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I'm sorry I know I already asked for the similar question but now I learned how to properly ask my question and I will detail it more on this thread.

I have a DIY mixer on breadboard right now.

It's only 1 channel for the moment and I used a SPDT switch to pass the signal on or off. The center pin of the SPDT is connected to the output. Left pin is at the input where the signal comes from, and the third pin is on ground to minimise the noise when the switch is on the muted status.

I successfully added an LED with a 3904 transistor on this channel so when the SPDT is on, passing the signal to the output, this audio signal (AC I guess) is turning the 3904 transistor on and lets the green light monitors the signal, this LED reacts to the audio signal, like a level meter LED bar graph but only 1 LED, it flickers as the sound frequencies are being played.

Now my question is I want to add another LED, a red one, that would turn on ONLY when the SPDT switch is turned off (this is the muted state for the chanel mixer.)

I tried many things already, with 3906 or other simple circuits I found online for toggling 2 leds but since all I find online is using a steady voltage instead of an audio signal like I do right now, it makes my circuit light up both leds when the signal is on.

So I guess either I would have to block some portion of the audio signal triggering both LEDs (which should trigger just the green ON LED) or convert the audio signal to a DC voltage like something 3V for on and 0V for off. If I can know how to convert this audio signal to 0V or 3V it would solve my problem because right now K can turn on the muted red LED when the audio signal is muted but I can't make it so that when the spdt switch is on it only light up the green led, not the red led.

I hope it is more clear now, I'm sure this is basic electronics but 'm new to all this so it's complicated for me.

transistor led on mixer circuit

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    \$\begingroup\$ The easiest way is to use a DPDT switch and devote one contact to the LED. \$\endgroup\$ – Spehro Pefhany Jul 4 at 20:48
  • \$\begingroup\$ Your added circuit (the LED) may distort the audio. Perhaps not a lot, but some. I'd want a high impedance detection of the presence of audio. What comes to mind is a bandpass (to improve S/N) followed by threshold detection with some hysteresis followed by a retriggerable one-shot. There are professional products that achieve this kind of function somehow (not necessarily as I described it), and more. But I'm not sure if there is an IC for it. \$\endgroup\$ – jonk Jul 4 at 20:57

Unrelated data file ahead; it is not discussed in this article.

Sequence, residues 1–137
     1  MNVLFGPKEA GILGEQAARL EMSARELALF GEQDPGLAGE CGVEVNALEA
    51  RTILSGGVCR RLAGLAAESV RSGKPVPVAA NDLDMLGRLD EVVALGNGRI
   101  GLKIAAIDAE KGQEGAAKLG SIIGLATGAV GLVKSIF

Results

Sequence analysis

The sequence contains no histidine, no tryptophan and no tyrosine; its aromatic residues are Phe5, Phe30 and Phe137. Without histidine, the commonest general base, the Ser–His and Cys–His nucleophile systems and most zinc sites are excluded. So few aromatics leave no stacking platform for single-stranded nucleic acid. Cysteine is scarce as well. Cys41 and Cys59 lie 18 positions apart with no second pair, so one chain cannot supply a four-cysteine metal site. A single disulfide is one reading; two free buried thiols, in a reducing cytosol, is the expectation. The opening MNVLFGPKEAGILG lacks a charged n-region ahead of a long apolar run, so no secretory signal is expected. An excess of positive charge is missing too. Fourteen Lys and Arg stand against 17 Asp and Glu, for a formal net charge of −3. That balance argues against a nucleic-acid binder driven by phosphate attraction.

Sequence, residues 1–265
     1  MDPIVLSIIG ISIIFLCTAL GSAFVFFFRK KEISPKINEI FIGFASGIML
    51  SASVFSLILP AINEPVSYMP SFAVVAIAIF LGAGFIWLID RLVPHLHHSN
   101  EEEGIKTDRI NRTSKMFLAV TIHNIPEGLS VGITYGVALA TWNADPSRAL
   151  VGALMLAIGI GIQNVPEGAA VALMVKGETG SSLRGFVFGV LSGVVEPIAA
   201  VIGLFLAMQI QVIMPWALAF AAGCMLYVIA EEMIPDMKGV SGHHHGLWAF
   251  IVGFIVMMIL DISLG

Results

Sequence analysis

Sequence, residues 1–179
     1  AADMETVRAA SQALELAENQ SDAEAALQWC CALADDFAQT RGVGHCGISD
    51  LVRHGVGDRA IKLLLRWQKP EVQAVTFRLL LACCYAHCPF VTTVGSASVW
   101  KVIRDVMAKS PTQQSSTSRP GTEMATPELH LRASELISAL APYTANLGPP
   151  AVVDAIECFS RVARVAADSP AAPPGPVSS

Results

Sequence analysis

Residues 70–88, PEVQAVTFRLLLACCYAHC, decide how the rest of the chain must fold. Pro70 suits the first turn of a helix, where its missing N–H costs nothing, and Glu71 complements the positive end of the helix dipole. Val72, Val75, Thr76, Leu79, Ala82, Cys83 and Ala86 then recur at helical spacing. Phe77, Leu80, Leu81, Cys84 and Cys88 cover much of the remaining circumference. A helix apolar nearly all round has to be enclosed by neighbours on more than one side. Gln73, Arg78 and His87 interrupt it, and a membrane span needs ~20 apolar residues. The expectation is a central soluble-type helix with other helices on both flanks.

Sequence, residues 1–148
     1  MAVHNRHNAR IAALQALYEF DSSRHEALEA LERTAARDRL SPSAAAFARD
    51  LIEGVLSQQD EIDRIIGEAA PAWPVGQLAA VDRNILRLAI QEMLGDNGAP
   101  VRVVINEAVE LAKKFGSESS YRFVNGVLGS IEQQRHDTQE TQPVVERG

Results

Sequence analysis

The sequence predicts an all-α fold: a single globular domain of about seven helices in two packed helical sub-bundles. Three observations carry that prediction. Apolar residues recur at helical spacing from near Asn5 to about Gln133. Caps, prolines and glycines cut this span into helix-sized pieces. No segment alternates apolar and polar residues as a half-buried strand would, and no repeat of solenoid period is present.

• \$\begingroup\$ Hmm. Now that I think about it, much could be combined into a single opamp and a handful of parts. You'd set up a three-resistor voltage divider, null out one node with a capacitor, supply the signal via a capacitor to the other node of the divider, then pass along these two nodes to the opamp input. One would be rock solid (capacitor), the other would vary with signal. When the signal reaches enough level, the opamp will saturate to the rails. Beforehand, not so much. A diode at the output would detect the rail and drive an RC for detection. I almost want to write it up. (I will test it now.) \$\endgroup\$ – jonk Jul 4 at 21:47
  • \$\begingroup\$ Thanks spehro but dpdt are too big, i thought of it but i cant use them and i already have the spdt slide switch format i want to use. \$\endgroup\$ – noisanceritual Jul 4 at 23:14
  • \$\begingroup\$ Ok thanks jonk, i have really no idea at the moment what you suggest how to do it, i will wait if you can mockup a circuit test. \$\endgroup\$ – noisanceritual Jul 4 at 23:15
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Turn the switch around!

make the common terminal go to ground, the mute position connect the end of R55 to ground, and the remaining terminal short out the red led (or use an NPN transistor if sinking the current is undesirable)....

schematic

simulate this circuit – Schematic created using CircuitLab

You will want to refine it a bit, as any DC on the output of the opamp will produce switching clicks.

Your level detector also has a problem in that the 1k base resistor will only draw current on a positive going signal, where it looks like 1k in series with a diode, but when not conducting that chain looks like an open circuit. Your source impedance is 1k, so that produces pretty horrible distortion.

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  • \$\begingroup\$ It will be interesting to see if the OP wants a grounded output when off. They may! \$\endgroup\$ – jonk Jul 6 at 18:05
  • \$\begingroup\$ I'm not sure to understand... where is the in and out on your schematic? and where is the second led? \$\endgroup\$ – noisanceritual Jul 7 at 18:06
  • \$\begingroup\$ your r2 connects to what? and the right line connects to what? \$\endgroup\$ – noisanceritual Jul 7 at 18:07
  • \$\begingroup\$ R2 heads off to the +12V rail to power the mute LED. Your signal presence detector is off to the right connected to the right hand wire, I ONLY drew the mute switching. Incidentally a dual opamp and buffer the drive to that signal indicator will make things much lower distortion, and you may wish to read the chapters on signal switching and level indication in "Small signal audio design" by D. Self, it is good stuff. \$\endgroup\$ – Dan Mills Jul 8 at 11:30

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